As is the case with many video games published by Annapurna Interactive, there’s nothing quite like A Memoir Blue on the market.
The upcoming title developed by Cloisters Interactive will undoubtedly be labeled as “games as art,” “interactive story” and a whole lot of other relatively meaningless subgenres to say that it boasts a unique narrative rather than action-heavy gameplay, but Shelley Chen’s first project as creative director and driving force is still going to catch plenty of people by surprise.
For starters, there’s no text or spoken dialog. The entire tale — which happens to be about the ups and downs of a championship-winning swimmer named Miriam — is told entirely through the player’s interactions and song, leaving plenty of space for interpretation and imagination to fill in the rest. Then there’s the art style, a blend of classic Disney-esque 2D animation and 3D elements to create a familiar, yet surreal vibe.
Knowing that she was creating a one-of-a-kind experience, Chen recruited composer Joel Corelitz (Halo Infinite, Gorogoa, The Unfinished Swan) to craft the score for A Memoir Blue. But Corelitz immediately recognized that while he could certainly create the overall score, the individual songs would need to be written and sung by someone who could relate more closely to Miriam and her journey, which led him to musicians Eric Hillman (who also scored Ashen) and Imogen Williams.
SPIN spoke with the quartet about their experience building the sounds and universe of A Memoir Blue ahead of its release.
SPIN: Considering that A Memoir Blue is so dependent on the music to tell the story, how did you go about deciding what you wanted to do with it?
Joel Corelitz: This score functions very much like the score to a film would function, and specifically the kind of score for a film that would have both a soundtrack component and a score component. In general, we wanted the songs to feel like they were licensed — that they had authenticity outside of this experience, but that they could apply kind of indirectly to it. They’re used very much like you would use a piece of licensed music in a film. It was very clear from watching footage from the game early on that this is a narrative experience. It’s an incredibly evocative story, and I think the best way to score it was just like a film. The score is all queue-based, so music comes in when it’s relevant to certain story points, to either conjure certain emotions or provide some context. The main difference compared to a film is that the music is not completely linear. There are places where the music loops indefinitely while it waits for player interaction. There are places where the player has some control over some of the melodies that get triggered and played during various interactive sequences. One of the challenges I always really enjoy as a game composer is the opportunity to take music and break it down into something that isn’t as linear as a score.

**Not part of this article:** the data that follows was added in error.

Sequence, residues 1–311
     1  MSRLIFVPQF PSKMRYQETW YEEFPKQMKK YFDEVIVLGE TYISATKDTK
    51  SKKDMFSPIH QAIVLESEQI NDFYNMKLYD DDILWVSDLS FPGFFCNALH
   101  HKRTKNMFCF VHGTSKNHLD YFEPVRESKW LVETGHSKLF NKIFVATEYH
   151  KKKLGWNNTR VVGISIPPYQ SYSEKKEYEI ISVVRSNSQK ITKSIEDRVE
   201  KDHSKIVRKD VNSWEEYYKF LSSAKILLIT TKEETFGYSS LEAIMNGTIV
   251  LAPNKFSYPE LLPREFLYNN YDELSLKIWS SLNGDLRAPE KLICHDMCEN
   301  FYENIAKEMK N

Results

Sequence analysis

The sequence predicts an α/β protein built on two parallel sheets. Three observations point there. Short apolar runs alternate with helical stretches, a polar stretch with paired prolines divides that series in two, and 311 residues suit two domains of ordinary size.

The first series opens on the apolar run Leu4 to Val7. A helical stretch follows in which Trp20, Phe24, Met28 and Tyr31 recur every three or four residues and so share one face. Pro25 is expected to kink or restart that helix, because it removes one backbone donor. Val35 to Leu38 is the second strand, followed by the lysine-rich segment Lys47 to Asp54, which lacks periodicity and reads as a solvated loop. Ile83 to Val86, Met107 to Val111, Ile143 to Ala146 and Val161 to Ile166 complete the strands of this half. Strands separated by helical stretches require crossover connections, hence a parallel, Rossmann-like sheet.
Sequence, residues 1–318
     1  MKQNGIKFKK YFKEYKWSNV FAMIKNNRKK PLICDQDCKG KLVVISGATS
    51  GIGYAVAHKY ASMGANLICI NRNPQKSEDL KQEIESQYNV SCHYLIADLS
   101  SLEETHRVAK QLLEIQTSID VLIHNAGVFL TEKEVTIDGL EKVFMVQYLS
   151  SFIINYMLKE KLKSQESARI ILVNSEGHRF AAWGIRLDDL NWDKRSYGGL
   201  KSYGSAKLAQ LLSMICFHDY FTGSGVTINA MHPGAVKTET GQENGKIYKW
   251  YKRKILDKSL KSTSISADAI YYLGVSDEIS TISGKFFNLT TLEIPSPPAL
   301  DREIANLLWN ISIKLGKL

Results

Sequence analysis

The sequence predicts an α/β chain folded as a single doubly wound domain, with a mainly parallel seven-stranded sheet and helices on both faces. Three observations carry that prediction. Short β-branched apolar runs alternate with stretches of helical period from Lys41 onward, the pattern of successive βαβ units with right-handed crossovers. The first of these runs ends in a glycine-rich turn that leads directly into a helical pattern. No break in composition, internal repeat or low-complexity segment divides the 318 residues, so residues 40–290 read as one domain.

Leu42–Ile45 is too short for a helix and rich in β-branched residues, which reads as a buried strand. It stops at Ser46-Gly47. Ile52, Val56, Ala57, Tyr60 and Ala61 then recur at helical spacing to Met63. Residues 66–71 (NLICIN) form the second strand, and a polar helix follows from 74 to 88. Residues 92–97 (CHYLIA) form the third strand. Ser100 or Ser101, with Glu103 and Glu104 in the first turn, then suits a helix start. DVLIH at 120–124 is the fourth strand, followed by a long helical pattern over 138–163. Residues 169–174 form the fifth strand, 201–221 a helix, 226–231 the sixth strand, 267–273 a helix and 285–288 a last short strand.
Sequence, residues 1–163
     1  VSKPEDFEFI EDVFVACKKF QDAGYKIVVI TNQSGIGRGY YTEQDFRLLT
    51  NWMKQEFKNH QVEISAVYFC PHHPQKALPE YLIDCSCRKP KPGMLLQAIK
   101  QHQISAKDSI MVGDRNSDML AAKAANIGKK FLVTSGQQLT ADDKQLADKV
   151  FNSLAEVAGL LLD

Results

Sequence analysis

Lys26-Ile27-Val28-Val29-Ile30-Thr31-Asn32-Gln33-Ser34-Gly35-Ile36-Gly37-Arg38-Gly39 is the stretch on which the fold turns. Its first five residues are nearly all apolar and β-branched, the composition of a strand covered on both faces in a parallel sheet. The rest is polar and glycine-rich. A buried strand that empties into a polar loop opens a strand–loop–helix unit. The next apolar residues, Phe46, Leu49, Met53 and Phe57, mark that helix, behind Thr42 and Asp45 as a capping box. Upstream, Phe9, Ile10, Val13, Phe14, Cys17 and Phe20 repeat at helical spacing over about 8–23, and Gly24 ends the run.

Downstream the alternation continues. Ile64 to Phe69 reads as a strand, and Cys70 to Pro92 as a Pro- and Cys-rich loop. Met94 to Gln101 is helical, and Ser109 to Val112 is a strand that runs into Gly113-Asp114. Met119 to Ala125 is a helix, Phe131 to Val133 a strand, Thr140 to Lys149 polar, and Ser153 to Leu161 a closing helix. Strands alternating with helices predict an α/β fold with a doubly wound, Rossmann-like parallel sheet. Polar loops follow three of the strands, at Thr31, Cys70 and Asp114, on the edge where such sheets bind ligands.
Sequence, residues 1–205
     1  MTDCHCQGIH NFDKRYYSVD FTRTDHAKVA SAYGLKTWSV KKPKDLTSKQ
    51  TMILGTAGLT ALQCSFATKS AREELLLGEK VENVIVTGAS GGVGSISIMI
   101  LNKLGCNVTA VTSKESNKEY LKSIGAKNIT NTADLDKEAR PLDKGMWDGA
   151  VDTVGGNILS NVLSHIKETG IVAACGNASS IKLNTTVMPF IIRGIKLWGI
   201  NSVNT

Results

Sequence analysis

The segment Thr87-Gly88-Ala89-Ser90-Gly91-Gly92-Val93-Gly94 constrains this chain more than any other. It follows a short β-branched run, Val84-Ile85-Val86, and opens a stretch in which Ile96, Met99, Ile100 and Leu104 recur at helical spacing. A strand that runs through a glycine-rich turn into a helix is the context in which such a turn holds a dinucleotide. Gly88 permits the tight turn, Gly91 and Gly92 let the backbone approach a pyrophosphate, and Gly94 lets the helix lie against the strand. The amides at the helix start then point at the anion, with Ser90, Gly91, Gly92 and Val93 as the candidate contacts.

With A Memoir Blue being such a unique game, how would you describe the experience creating it compared to titles you’ve worked on in the past?
Shelley Chen: This is actually my first project as a creative director, and when we were making the prototype of this game, I was pretty sure that there was going to be something musical there. The narrative is based on the story of me and my mom from my childhood, and my family is super music-oriented — like my uncle is a musician, my mom was an opera singer, and I was trained as a musician when I was little — so my memories wouldn’t be complete without the songs and the score. But I come from a classical background and I don’t really listen to a lot of new things, so I thought it would be fun to combine my old school brain with [Joel’s] brand new ideas for a good mix.
Eric Hillman: I remember playing Gorogoa, and I think I just wrote Joel an email like, “Hey, this is a tremendous game experience and a great soundtrack. Love your work.” We stayed in touch after that, and then he told me that he was working on a score and there would be some song elements that he would like me to do because I work in both worlds — I write songs and produce records, but I also compose for games. It was my first time bringing those two worlds together and thinking about the best way to present a traditional song that would help tell a narrative in a game like this. I knew we definitely needed a female vocalist and songwriter so that we could get a better perspective on the story, so we sent over a few ideas to Shelley and her mom picked Imogen. We had worked on a project previously, so I knew her songwriting sensibilities were strong and her vocals are obviously out of this world.